Federal judge dismisses challenge to Alabama voter ID law


A federal judge has dismissed a lawsuit challenging the constitutionality of Alabama’s voter ID law.

U.S. District Judge L. Scott Coogler on Wednesday rejected arguments — by the Greater Birmingham Ministries and the Alabama NAACP — that requiring a photo ID to vote is racial discrimination, denies equal protection and violates the Voting Rights Act, as well as the Fourteenth and Fifteenth Amendments of the U.S. Constitution.

The groups had filed a lawsuit against Alabama Secretary of State John Merrill among other former state officials over a 2011 law, House Bill 19, which requires absentee and in-person voters to show photo identification in order to cast a ballot. The suit contended the law had disenfranchised some 280,000 voters and threatened hundreds of thousands more.

Judge Coogler noted in his order that it is easy for anyone to get a photo in ID in Alabama, thus the law is not discriminatory.

“…A person who does not have a photo ID today is not prevented from voting if he or she can easily get one, and it is so easy to get a photo ID in Alabama, no on is prevented from voting,” Coogler wrote in the order.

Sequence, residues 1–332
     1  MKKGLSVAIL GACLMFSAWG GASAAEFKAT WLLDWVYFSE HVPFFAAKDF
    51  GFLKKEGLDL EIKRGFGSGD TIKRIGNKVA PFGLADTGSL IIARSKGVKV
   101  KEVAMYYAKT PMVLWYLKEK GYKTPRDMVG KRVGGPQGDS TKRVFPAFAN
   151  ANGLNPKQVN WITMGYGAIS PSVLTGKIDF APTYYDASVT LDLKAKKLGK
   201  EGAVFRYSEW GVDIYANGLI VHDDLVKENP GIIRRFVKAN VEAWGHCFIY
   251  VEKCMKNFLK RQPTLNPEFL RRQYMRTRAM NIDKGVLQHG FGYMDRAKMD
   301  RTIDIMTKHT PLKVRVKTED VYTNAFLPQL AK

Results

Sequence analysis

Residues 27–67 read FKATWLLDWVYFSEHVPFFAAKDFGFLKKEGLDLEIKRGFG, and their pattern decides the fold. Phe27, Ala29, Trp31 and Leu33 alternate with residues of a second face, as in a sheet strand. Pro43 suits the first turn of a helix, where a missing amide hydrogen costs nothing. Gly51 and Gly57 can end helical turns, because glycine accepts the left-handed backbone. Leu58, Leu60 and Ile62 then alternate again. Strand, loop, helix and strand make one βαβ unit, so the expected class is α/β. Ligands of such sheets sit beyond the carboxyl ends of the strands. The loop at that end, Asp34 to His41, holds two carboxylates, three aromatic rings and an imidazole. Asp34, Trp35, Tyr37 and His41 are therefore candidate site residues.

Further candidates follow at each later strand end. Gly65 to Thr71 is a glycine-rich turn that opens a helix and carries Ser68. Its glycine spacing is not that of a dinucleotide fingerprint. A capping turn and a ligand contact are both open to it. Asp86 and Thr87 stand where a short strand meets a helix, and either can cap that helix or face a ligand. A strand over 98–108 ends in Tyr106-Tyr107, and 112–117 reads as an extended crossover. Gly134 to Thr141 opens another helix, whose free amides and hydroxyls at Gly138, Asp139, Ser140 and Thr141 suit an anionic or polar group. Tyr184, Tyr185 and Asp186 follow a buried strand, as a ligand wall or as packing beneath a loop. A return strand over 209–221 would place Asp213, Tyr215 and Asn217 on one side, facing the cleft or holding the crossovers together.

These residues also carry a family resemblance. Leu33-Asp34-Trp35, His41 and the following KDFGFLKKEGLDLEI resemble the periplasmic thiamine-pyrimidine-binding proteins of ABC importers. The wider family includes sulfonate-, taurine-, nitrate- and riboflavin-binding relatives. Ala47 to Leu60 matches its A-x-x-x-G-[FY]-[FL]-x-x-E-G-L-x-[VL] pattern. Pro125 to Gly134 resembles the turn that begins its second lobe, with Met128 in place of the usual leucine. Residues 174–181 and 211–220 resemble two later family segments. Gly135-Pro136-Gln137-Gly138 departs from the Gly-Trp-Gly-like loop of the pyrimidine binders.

He also determined “minorities do not have less opportunity to vote under Alabama Photo ID law because everyone has the same opportunity to obtain an ID.”

Alabama’s Republican Attorney General Steve Marshall called the decision to dismiss the suit, the right decision.

“Today’s decision to dismiss the lawsuit is without a doubt the right decision,” said Marshall. “Alabama’s voter identification law is one of the broadest in the nation with procedures in place to allow anyone who does not have a photo ID to obtain one.”

But NAACP Legal Defense and Education Fund President Sherrilyn Ifill said the group is not giving up and is considering its next steps.

“We are deeply disappointed by the judge’s ruling dismissing our case before trial,” said Ifill. “Over the course of two years, we have developed a sound case demonstrating that Alabama’s voter ID law is racially discriminatory. We had hoped to present our full case at trial next month. We have no intention of abandoning our commitment to protecting the rights of African-American voters in Alabama, and we are considering our next steps.”

View the full court order below:


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